Preventable and deadly skin cancer on the rise in BC
VANCOUVER, May 28, 2014 /CNW/ - Melanoma skin cancer is one of the fastest rising of all cancers in Canada and BC's rate is rising too. British Columbians need to do more to protect themselves from damaging ultraviolet (UV) radiation, according to a special report on skin cancer. Canadian Cancer Statistics 2014 was released today by the Canadian Cancer Society in partnership with the Public Health Agency of Canada and Statistics Canada.
Skin cancer is the most common cancer in Canada, with an estimated 6,500 new cases of melanoma and another 76,100 cases of non-melanoma skin cancers expected to be diagnosed in 2014. Of the skin cancers, melanoma is the deadliest form, with 1,050 Canadians expected to die from it this year. Two years ago in BC, there were an estimated 910 cases of melanoma. But in 2014, it is estimated that there will be 970 new cases of melanoma - 60 more cases than 2012 - and 140 British Columbians are expected to die from it.
Skin cancer, including melanoma, is also one of the most preventable types of cancer. The main risk factor is UV radiation from overexposure to the sun and other sources, such as indoor tanning beds. UV radiation is responsible for up to 90% of melanoma cases. With about half of all cancers being preventable, the Society actively advocates for better policies to make healthy choices easier - for example, working with the government to implement indoor tanning legislation banning youth from using tanning beds.
"In October 2012, the BC government banned the use of indoor tanning equipment for youth under the age of 18. While it's still early, we hope to see a reduction in the number of cases of melanoma in the future because of this," says Kathryn Seely, Director of Public Issues, Canadian Cancer Society, BC and Yukon. "In addition to our advocacy efforts, we're doing everything we can to educate British Columbians about how they can reduce their risk of developing melanoma in the first place."
While the rate of new cases (incidence) and death rate for many types of cancer are going down in Canada (all rates are adjusted for age), for melanoma the story is less positive. According to the current report, which examined melanoma rates since 1986, melanoma has been increasing significantly in both men and women. In BC, the melanoma incidence rates have been increasing annually, up 1.3% for men and 2.2% for women.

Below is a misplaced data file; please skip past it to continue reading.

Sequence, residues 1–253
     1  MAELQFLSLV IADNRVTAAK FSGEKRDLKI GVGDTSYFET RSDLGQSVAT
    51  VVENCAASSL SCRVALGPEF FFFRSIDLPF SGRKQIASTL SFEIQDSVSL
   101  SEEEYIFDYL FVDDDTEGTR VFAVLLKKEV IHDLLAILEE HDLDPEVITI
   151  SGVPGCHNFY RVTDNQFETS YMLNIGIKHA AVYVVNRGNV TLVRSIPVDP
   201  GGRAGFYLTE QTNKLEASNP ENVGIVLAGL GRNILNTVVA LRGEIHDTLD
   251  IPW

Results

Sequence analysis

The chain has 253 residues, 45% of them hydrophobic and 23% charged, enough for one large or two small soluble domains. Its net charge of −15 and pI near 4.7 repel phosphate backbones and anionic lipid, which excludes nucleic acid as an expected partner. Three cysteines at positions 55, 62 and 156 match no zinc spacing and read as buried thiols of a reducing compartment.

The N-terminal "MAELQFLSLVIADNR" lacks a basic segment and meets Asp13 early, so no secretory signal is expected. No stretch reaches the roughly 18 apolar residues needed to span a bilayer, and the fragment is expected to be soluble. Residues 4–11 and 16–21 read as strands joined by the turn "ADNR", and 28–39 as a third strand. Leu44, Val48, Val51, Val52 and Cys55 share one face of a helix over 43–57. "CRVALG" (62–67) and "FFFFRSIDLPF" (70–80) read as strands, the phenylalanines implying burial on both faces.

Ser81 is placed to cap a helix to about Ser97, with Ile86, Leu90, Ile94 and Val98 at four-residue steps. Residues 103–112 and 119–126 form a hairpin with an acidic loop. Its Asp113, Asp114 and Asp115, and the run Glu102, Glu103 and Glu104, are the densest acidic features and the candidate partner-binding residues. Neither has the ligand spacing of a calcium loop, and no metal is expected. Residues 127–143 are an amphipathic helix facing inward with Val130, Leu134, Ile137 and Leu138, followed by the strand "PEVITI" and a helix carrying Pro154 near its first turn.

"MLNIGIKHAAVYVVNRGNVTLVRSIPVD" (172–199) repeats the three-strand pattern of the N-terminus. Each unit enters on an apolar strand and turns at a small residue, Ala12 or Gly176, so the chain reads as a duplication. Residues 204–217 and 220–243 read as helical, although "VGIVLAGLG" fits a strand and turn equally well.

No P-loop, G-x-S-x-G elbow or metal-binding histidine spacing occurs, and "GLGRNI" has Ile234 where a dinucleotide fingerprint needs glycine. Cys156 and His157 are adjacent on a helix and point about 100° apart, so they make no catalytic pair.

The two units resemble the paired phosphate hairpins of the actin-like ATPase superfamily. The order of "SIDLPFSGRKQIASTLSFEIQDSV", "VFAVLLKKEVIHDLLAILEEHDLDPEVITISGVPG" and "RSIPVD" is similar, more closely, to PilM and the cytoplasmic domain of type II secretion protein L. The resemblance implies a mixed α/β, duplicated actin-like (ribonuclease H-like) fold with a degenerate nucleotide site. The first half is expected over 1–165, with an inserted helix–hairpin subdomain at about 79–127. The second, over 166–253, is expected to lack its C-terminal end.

"There is a lot of pressure to be tanned," says Sarah Merrill, a 23-year old melanoma skin cancer survivor and recent SFU grad. "Because I'm a melanoma skin cancer survivor, I feel very strongly about prevention and the power to encourage behavioural change among young people."
According to the most recent estimates from 2010*, the economic burden of skin cancer in Canada was $532 million per year. Of that, approximately 83% was attributable to melanoma and the remainder to the two major types of non-melanoma skin cancer - approximately 9% to basal cell carcinoma (BCC) and 8% to squamous cell carcinoma (SCC). It was estimated that the economic burden of skin cancer would rise to $922 million annually by 2031, with BCC and SCC accounting for an increasing proportion of costs.
Overall, BC continues to have the lowest estimated new cancer cases in all of Canada. In BC in 2014, an estimated 12,900 men and 11,400 women will receive a cancer diagnosis. Of these newly diagnosed cases, more than half will be prostate, breast, lung and colorectal cancers. BC also has the lowest estimated cancer death rate in Canada. In 2014 in BC, there will be an estimated 9,900 deaths from cancer.
Canadian Cancer Statistics 2014 was prepared through a partnership of the Canadian Cancer Society, the Public Health Agency of Canada, Statistics Canada and provincial and territorial cancer registries. For more information about Canadian Cancer Statistics 2014, visit cancer.ca
* Canadian Partnership Against Cancer. The economic burden of skin cancer in Canada: current and projected. Final Report: CPAC, Feb. 26, 2010.
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SOURCE Canadian Cancer Society (BC and Yukon Division)
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